The lies they used were both subtle and clumsy...often in the same piece.
The New York Times published a piece the day BEFORE the rally, written by the infamous Kate Zernike. Her first lie was that Beck's Restoring Honor event was a TEA Party project. It was not, but she needed that lie for the rest of her lies to work.
After that, her lies grew more artful;
It has become an article of faith among Tea Party groups that any racist signs at rallies — “Go back to Kenya,” directed at President Obama, is just one example — are carried by Democratic plants sent in to make the Tea Party look bad.
In March, when members of the Congressional Black Caucus accused protesters at a Tea Party rally against health care of spitting on them and shouting racist epithets, Tea Party leaders suggested that those episodes had not occurred, saying there was no video proof.There she leaves it. No further exposition. She set up the "he-said-she-said" between members of Congress and TEA Party people, and failed to note the salient fact that THERE IS NO VIDEO that supports the lies the CBC members told. The lie is that conservatives are merely "saying" there is no video evidence.
Zernike goes on to associate calls for limited government...or a return to Federalism...with racism.
In the Tea Party’s talk of states’ rights, critics say they hear an echo of slavery, Jim Crow and George Wallace. Tea Party activists call that ridiculous: they do not want to take the country back to the discrimination of the past, they say, they just want the states to be able to block the federal mandate on health insurance.
Still, the government programs that many Tea Party supporters call unconstitutional are the ones that have helped many black people emerge from poverty and discrimination.Now, as artful lies go, that is New York quality lying. Never mind that the empirical reality is that "black people" were doing BETTER (on their own initiative) BEFORE the Great Society programs that have fundamentally destroyed the black family. And, NEVER MIND that Jim Crow laws were ANTI-MARKET laws, passed by segregationists who didn't want the competitive disadvantage of their discrimination.
Even if Tea Party members are right that any racist signs are those of mischief-makers, even if Glenn Beck had chosen any other Saturday to hold his rally, it would be hard to quiet the argument about the Tea Party and race.Well, yeah, Kate...!!! With you beating the drum and waving the bloody shirt, it will be damn near impossible to "quiet the argument"...read LIES...about the TEA Party and race.
Charles Blow was mad as hell, but not "angry". No, no. After calling Beck the "anti-King", and saying, "Beck wants to swaddle his movement in the cloth of the civil rights movement, a cloth soaked in the blood and tears of the innocent and oppressed, a cloth his divisiveness and self-aggrandizing threatens to defile", Blow went on to say:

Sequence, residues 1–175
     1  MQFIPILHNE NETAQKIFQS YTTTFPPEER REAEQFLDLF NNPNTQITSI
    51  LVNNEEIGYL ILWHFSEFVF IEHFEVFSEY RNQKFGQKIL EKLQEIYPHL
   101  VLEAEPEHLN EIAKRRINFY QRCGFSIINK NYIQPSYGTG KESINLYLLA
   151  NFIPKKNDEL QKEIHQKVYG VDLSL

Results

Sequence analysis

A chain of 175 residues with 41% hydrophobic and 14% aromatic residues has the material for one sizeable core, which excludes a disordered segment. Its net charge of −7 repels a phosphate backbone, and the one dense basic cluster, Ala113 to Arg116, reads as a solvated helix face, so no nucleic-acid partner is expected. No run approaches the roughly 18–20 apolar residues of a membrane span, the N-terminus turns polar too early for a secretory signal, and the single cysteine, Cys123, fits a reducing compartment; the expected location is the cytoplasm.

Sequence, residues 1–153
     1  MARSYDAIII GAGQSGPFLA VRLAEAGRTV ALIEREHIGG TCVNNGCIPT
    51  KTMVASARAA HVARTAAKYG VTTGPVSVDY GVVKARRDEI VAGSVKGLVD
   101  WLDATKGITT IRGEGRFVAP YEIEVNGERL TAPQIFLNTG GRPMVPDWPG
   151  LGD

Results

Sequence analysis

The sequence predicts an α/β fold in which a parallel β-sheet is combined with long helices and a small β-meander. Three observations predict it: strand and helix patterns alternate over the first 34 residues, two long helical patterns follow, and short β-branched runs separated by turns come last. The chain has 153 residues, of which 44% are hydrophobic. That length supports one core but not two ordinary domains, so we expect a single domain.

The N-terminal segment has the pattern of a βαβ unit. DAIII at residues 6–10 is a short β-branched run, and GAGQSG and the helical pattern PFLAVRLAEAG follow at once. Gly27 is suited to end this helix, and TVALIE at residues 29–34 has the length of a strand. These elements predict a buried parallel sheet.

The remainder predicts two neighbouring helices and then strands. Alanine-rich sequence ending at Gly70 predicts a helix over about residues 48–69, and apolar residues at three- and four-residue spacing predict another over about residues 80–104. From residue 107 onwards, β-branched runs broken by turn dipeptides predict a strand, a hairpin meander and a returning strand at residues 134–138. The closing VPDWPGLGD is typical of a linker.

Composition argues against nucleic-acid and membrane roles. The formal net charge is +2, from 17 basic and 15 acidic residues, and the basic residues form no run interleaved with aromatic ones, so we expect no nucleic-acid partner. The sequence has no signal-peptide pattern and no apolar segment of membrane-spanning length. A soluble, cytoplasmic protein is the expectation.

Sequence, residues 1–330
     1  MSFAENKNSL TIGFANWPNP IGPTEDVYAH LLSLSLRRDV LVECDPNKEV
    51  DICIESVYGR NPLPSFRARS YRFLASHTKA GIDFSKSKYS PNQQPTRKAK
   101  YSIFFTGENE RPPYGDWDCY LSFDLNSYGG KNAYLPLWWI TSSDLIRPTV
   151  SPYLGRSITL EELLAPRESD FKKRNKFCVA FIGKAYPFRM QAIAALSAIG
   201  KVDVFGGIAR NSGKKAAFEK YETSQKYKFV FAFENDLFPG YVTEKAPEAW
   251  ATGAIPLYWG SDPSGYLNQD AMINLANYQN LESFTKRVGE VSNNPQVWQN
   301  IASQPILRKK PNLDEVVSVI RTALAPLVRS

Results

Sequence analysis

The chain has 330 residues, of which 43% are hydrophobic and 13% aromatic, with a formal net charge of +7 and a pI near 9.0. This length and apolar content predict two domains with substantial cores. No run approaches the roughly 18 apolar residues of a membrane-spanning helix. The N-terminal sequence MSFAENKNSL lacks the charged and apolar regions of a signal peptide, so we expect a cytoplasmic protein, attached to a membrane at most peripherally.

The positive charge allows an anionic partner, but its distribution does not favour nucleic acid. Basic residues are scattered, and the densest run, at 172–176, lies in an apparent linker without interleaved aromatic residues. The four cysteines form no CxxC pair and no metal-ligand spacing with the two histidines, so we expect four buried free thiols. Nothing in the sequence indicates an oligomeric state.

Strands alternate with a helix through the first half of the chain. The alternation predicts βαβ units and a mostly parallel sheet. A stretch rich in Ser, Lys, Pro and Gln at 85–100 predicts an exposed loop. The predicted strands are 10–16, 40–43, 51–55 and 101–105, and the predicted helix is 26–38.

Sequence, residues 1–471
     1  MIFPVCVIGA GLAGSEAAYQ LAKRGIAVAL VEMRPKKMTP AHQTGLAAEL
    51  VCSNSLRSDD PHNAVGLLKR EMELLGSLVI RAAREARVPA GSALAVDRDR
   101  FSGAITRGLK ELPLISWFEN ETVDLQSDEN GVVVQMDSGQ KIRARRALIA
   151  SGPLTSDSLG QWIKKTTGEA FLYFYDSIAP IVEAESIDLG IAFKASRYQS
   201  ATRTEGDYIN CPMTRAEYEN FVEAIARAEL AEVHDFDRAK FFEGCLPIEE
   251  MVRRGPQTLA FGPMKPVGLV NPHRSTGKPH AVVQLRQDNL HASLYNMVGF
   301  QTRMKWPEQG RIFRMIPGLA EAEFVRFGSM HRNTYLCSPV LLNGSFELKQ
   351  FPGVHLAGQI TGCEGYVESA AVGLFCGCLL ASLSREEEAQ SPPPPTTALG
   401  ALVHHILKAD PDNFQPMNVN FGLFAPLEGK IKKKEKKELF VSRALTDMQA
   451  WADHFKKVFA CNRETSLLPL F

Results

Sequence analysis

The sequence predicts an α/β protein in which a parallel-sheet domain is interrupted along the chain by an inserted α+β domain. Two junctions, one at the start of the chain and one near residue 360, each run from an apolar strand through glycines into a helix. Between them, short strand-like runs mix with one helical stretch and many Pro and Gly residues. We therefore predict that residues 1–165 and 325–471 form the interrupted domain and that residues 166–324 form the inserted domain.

And yet, I’ve come to the conclusion that anger is the wrong reaction to Beck’s rally in Washington. Anger provides too low a return on investment. It consumes a tremendous amount of energy, but yields little progress. Instead, we should each take this opportunity to listen to the “I Have a Dream” speech once more, paying particular attention to how the echoes of yesterday’s struggles reverberate in our present struggles, and to recommit ourselves to the nobility of righteous pursuits.With which we agree. John Avlon, the perfidious little twerp who writes for The Daily Beast (tm), cannot understand Mr. Blow's point:
Restoring America. Reclaiming the civil-rights movement. Restoring honor. This is the language of “taking our country back.” Each of these apparently uplifting statements pushes off the idea that something has been lost in America since the election of Barack Obama—not just jobs, but the character of the nation itself. They are slogans that would divide America into God-fearing patriots and secular socialists, creating the emotional argument beneath hyper-partisanship—an all-or-nothing struggle that pits “us” against “them,” with the fate of the nation at stake. In other words, exactly the dynamic that Beck spent so much time trying to disavow.Except that is a lie. Now, in Avlon's case, it may be he really cannot understand that you can fight an adversary, and not hate them. Which is what Beck was saying. Which is the same thing Blow was saying.
Beck told his audience to attend any house of worship, provided “that [it] is not preaching hate and division”—it is a standard that will have to apply to his own televangelism as well.Beck never said, "Let's all join hands around the Collectivist bonfire of our freedoms in a big show of unity". That would be surrender. We are divided as a people. We DO believe fundamentally DIFFERENT things about government, and they are not reconcilable. That was something King understood very well, and he divided America sharply. Beck was echoing King's call to his friends to fight clean, so the fight does not hurt them spiritually.
See, Avlon just does not get it. You can HATE what the Collective DOES, while not hating people. You can FEAR its destruction of your nation, and you really, really SHOULD. And you can FIGHT people who oppose you, and that is not evil. It is necessary. Charles Blow understands that.